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What is truth anyway?

Previously we have been performing purely symbolic moves to generate our proofs. How does this relate to a given mathematics proof or debate topic?

To motivate our rules we have often replaced our symbols $A,B,C,$… by actual statements, eg “the sun is out”.

“The sun is out” can either be true or false – we just look outside. So at a very basic level this provides a way to assign either T or F to a propositional variable. We could of course willy-nilly assign T and F for each our propositional variables. But all of our connectives have familiar interpretation in the context of T/F values.

  • Not true better be false and vice-versa. So \(\neg T \mapsto F \ , \ \neg F \mapsto T.\) We can put this into a table:
$A$$\neg A$

This expresses the values of $\neg A$ given the values of $A$.

  • Suppose I know that $A \to B$ and we know that is $A$ is $T$. It would make a lot sense to conclude that $B$ should also be assigned $T$. But if we allow ourselves to look at possible assignments it makes sense to assign T/F values to each expression using T/F and $\to$. We can make another table where we list the values assigned to $A$ along the first column and the values assigned to $B$ in the first row.
$A$$B$$A \to B$

One can read this as saying the implication is itself is true if either assumption is false or both the assumption and conclusion are true.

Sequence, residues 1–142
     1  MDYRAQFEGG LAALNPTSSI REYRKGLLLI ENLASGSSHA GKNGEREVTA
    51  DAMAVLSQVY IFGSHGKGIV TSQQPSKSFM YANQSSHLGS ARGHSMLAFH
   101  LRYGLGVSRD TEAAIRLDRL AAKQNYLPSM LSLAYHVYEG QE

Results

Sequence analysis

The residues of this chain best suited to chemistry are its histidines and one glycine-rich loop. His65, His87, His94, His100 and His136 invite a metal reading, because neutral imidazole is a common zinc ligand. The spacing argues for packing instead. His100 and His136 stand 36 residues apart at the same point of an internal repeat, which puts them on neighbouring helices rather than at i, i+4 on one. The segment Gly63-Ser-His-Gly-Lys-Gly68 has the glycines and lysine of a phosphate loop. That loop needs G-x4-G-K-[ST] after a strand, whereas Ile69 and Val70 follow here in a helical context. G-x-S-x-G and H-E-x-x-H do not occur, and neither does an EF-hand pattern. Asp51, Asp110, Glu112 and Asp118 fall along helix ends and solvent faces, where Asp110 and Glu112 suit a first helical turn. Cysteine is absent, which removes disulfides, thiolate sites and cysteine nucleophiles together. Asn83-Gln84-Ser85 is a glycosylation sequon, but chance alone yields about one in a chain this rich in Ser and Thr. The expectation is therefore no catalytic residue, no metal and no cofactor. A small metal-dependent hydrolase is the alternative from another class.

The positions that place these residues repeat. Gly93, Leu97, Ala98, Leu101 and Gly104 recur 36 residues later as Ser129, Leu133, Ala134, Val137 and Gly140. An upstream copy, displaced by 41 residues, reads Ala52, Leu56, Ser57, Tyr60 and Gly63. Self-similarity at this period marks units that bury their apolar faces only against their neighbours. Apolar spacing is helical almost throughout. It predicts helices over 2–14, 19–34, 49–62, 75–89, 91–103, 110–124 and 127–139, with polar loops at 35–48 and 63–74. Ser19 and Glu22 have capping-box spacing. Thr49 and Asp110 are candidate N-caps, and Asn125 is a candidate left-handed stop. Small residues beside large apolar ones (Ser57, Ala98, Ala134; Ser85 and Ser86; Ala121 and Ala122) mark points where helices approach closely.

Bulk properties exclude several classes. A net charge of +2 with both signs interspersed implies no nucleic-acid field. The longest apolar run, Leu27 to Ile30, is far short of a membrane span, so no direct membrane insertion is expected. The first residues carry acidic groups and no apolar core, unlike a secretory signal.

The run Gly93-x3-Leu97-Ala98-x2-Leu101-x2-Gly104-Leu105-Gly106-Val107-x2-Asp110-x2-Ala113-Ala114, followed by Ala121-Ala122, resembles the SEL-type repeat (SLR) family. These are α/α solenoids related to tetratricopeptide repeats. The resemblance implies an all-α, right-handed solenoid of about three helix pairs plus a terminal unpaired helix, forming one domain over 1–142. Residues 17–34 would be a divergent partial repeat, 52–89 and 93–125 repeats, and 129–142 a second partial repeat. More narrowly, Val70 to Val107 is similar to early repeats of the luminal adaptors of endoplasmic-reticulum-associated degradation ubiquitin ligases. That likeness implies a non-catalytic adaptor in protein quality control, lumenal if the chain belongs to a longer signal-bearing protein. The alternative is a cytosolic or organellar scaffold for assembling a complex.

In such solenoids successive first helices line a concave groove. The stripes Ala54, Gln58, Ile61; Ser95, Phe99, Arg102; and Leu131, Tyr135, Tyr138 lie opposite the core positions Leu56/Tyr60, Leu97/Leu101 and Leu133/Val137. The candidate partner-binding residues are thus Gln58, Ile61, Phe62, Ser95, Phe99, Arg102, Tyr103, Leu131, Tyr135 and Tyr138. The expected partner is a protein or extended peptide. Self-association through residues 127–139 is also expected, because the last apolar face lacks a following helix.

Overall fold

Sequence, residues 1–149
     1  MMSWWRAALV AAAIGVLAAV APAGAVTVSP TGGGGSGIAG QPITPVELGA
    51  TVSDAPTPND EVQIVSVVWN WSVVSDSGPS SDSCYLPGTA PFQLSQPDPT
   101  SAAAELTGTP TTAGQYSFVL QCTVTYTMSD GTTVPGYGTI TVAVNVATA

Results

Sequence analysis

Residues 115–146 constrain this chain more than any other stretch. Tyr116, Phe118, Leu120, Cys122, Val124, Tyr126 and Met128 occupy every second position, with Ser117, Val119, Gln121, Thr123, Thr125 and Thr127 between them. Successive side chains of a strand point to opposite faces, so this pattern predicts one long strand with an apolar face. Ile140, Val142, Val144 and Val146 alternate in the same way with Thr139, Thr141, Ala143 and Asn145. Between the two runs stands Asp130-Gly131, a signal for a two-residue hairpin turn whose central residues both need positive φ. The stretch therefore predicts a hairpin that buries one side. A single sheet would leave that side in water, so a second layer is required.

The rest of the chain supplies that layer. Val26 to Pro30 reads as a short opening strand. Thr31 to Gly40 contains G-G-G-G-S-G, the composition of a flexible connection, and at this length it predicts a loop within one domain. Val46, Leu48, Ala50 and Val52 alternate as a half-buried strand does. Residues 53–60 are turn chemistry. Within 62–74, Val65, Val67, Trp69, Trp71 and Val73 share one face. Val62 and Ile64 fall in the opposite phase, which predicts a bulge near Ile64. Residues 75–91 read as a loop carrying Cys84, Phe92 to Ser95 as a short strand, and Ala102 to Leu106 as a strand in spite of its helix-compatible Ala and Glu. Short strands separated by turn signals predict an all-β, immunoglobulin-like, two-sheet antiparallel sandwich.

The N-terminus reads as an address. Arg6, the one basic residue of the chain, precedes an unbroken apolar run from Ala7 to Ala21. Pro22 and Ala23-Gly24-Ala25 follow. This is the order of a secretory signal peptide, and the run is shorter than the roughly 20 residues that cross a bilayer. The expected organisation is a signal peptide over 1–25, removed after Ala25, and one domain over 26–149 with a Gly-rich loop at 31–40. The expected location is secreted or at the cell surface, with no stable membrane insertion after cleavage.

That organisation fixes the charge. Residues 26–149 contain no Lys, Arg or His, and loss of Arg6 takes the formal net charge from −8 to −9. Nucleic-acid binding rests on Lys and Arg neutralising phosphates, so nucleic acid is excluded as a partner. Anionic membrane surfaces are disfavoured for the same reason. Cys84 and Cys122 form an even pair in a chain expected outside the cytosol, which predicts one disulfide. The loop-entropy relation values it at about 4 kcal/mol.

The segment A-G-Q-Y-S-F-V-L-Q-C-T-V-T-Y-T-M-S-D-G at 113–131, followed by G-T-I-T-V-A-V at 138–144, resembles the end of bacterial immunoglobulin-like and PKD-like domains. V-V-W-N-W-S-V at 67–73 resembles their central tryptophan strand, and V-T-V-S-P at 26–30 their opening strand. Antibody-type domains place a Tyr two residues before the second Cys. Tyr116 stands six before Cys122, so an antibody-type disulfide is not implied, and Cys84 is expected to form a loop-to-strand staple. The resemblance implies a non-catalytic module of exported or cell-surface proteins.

• We also have a table for $\land$
$A$$B$$A \land B$

which says that $A \land B$ should only be true if both $A$ and $B$ are.

  • And we have a table for $\lor$
$A$$B$$A \lor B$

which says $A \lor B$ is false only when both $A$ and $B$ are.

  • We also want \(\top \mapsto T \\ \bot \mapsto F\)

Using these rules, once we have a chosse of T/F, we can assign T/F to any propositional formula. Let’s look at a more complicated formula.

Example. Let’s take the formula \(\neg A \lor B \to C \land \neg D\) and the truth assignment \(A, C \mapsto T, \ B, D \mapsto F\)

It convenient notation to “plug in” to the formula the values of $T$ and $F$. This gives \(\neg T \lor F \to T \land \neg F\) Then use our rules above to simplify down to a single value. First the negation \(F \lor F \to T \land T\) Then the $\lor$ and $\land$ \(F \to T\) Finally for $\to$ we reduce to $T$.

Different assignments for $A,B,C,D$ can yield a different value for our formula. For example, if \(B, C, D \mapsto T, \ A \mapsto F\) Then \(\neg A \lor B \to C \land \neg D \mapsto F\)

We can think of the possible truth value assignments to our collection of propositional variables as different possible universes. For example, if $A$ is standing for “the sun is out”, then $A \mapsto T$ is saying we know the sun it out while $A \mapsto F$ is saying the sun is not out. So any real-world or mathematical possibility can be found by listing out all the possible T/F assignments and the values taken by the formula given that assignment. Below is a table for our example

The truth table for our example. (Expand to view)
$A$$B$$C$$D$$\neg A \lor B \to C \land \neg D$